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Talks with President Morsi of Egypt

September 5, 2012

Foreign Minister Bob Carr with President Mohamed Morsi and Egyptian Foreign Minister Kamel Amr in Cairo on September 4, 2012

Foreign Minister Bob Carr today welcomed Egyptian leadership on Syria and praised President Mohamed Morsi’s recent condemnation of the Assad regime.

Senator Carr was speaking following talks with the Egyptian President and with Foreign Minister Amr today in Cairo (overnight September 4-5 AEST).

In particular, Senator Carr applauded Egypt’s initiative to bring together Egypt, Iran, Turkey and Saudi Arabia in a four-country proposal to break Syria’s political deadlock.

“Egypt’s new democracy is historic,” Senator Carr said.

“Australia was an early and strong supporter of Egypt’s democratic transition. And we’re supporting that transition with more than $20 million in assistance for agriculture, reducing youth unemployment and the elimination of land mines.”

Senator Carr and President Morsi also discussed strengthening the trade and investment relationship between Australia and Egypt.

“Australia has significant expertise in areas of importance for Egypt including mining, dry-land farming and education,” Senator Carr said.

President Morsi expressed a desire for increased tourism from Australia and further opportunities for Egyptians to undertake post-graduate studies in Australia.

On the Middle East peace process, Senator Carr said he and President Morsi discussed the need for a two-state solution.

Senator Carr also spoke of the large number of Egyptian Coptic Christians living in Australia, their continued links with Egypt and concern with violent incidents against Copts during Egypt’s revolution. President Morsi told Mr Carr he would be a President for all Egyptians and that he was looking forward to Coptic Christian participation in Egypt’s future Parliament.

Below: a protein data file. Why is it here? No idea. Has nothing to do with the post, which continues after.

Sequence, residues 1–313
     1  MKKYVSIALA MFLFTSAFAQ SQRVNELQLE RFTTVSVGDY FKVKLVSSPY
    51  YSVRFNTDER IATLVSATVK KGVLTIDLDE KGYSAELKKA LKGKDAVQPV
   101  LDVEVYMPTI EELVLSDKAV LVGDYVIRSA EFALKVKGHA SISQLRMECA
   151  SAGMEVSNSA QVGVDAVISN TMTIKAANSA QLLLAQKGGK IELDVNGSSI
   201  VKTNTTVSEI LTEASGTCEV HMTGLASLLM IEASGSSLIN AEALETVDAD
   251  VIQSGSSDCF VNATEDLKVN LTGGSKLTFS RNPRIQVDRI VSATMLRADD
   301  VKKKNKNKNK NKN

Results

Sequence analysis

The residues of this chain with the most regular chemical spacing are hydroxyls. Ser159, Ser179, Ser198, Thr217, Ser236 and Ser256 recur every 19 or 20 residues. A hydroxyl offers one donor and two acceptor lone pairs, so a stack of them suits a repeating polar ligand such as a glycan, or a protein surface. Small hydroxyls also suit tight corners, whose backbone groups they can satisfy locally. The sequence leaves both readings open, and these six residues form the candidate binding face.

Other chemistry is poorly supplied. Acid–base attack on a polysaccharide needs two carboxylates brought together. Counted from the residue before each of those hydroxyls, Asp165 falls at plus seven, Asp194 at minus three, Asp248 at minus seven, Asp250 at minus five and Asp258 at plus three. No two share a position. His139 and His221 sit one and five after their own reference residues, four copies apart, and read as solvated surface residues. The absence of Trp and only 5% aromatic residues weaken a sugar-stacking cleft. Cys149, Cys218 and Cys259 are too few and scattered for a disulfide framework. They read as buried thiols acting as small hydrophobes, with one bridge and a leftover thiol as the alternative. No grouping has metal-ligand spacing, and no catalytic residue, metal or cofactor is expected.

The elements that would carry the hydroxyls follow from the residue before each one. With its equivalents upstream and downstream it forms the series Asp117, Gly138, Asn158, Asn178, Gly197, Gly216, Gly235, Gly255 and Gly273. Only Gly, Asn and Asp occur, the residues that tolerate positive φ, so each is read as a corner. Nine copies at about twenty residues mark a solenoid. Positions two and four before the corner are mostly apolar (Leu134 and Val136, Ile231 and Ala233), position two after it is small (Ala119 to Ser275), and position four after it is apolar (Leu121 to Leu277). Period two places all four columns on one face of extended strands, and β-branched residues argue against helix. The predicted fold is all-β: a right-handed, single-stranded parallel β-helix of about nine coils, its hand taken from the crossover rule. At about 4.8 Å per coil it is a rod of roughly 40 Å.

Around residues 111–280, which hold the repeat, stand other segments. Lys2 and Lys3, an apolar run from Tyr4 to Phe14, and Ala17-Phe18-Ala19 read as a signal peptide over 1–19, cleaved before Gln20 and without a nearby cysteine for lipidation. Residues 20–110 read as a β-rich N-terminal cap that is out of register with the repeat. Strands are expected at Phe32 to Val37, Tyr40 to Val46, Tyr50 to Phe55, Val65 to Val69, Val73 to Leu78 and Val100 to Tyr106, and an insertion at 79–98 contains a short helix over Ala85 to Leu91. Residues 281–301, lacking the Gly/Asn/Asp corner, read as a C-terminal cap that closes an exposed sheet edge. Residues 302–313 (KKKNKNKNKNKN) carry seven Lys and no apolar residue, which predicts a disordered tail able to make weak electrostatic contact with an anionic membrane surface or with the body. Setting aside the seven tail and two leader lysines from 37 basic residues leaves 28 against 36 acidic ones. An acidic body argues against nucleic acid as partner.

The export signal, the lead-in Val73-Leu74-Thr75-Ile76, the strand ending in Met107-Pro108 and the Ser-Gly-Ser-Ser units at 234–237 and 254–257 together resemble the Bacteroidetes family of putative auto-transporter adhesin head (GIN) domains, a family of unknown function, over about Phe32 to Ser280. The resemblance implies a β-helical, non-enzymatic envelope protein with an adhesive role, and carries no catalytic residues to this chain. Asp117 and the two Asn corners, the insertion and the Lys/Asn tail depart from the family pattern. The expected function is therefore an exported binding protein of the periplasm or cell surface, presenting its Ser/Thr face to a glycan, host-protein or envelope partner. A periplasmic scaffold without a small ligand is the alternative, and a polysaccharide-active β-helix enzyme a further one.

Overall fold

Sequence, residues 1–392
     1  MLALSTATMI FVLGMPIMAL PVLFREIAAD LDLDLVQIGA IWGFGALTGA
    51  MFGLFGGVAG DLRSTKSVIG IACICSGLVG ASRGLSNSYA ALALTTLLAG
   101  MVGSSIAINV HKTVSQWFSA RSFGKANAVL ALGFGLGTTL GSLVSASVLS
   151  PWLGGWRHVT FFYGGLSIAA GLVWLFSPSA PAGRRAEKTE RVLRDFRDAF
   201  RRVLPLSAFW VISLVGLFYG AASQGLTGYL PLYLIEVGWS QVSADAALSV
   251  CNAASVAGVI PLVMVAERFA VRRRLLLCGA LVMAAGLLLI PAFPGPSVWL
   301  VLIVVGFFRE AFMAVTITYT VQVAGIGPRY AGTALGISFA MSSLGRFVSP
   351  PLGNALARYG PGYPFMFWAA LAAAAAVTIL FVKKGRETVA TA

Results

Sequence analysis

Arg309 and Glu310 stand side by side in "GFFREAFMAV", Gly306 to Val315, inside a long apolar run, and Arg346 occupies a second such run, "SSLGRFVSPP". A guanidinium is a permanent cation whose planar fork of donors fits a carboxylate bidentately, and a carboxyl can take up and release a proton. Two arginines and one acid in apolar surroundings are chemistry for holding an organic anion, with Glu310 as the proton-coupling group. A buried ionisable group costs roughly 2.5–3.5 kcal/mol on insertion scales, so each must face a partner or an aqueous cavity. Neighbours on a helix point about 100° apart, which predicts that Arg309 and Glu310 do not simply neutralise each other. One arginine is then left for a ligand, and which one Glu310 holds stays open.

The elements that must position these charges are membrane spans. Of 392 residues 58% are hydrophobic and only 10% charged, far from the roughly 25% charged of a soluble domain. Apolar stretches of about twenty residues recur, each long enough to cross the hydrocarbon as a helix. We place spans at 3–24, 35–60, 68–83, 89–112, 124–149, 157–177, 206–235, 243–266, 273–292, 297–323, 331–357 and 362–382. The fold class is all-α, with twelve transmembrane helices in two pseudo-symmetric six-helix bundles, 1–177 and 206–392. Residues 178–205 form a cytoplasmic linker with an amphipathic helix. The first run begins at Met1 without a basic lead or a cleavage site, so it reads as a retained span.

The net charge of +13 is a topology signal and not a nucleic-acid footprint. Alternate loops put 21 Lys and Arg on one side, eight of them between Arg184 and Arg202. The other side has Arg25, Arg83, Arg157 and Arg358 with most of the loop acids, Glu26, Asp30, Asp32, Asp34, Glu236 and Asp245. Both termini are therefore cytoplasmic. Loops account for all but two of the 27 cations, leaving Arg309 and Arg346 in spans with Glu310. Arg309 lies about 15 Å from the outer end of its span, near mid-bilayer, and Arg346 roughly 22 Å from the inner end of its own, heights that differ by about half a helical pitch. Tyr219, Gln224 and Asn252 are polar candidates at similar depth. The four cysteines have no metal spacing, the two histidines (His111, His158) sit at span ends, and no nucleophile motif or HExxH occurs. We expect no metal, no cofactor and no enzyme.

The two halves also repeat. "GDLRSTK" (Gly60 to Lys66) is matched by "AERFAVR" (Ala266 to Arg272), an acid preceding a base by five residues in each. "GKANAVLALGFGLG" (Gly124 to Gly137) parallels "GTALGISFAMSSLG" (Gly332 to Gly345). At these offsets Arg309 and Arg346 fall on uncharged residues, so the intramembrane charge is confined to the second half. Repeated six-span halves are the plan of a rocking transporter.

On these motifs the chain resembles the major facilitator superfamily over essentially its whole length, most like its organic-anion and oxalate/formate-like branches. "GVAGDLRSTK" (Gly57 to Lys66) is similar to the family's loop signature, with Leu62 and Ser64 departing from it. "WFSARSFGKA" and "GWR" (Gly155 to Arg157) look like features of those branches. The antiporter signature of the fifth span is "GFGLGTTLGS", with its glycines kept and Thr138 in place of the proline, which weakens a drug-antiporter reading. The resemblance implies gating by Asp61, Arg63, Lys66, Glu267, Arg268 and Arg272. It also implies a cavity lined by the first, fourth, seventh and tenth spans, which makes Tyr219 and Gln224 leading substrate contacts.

One Comment
  1. September 5, 2012 2:16 pm

    Interestingly, Australia voted in the UN against a ‘two-state’ solution – which in a way is good, because the creation of an independent Palestinian state would have disenfranchised the 750,000 (now exceeding 12 million, by virtue of the inherited right of refugees) Palestinians who were forcibly removed during Al Nakba (the Catastrophe).

    Realistically, Israel will never allow the formation of a sovereign modern armed Palestinian state so close to itself. The best that would be permitted is a fully de-militarised territory called ‘Palestine’

    If Middle East peace really is our concern then there are many more cogent things that Australia might be doing.

    First and foremost it could be supporting Al-Awda, the Palestine Right to Return Coalition, which urges the implementation of United Nations General Assembly Resolution Number 194, which grants Palestinians the unconditional right to negotiate their return.

    Second, Australia could be opposing the crippling blockade of Gaza by the Israel Defence Forces. Lifting the blockade would at least allow Gaza residents proper access to urgently-needed food and medicines.

    Thirdly, Australia could propose the resurrection of the Goldstone Report into war crimes committed by both sides during Operation Cast Lead. That alone would show the world that Australia believed in justice.

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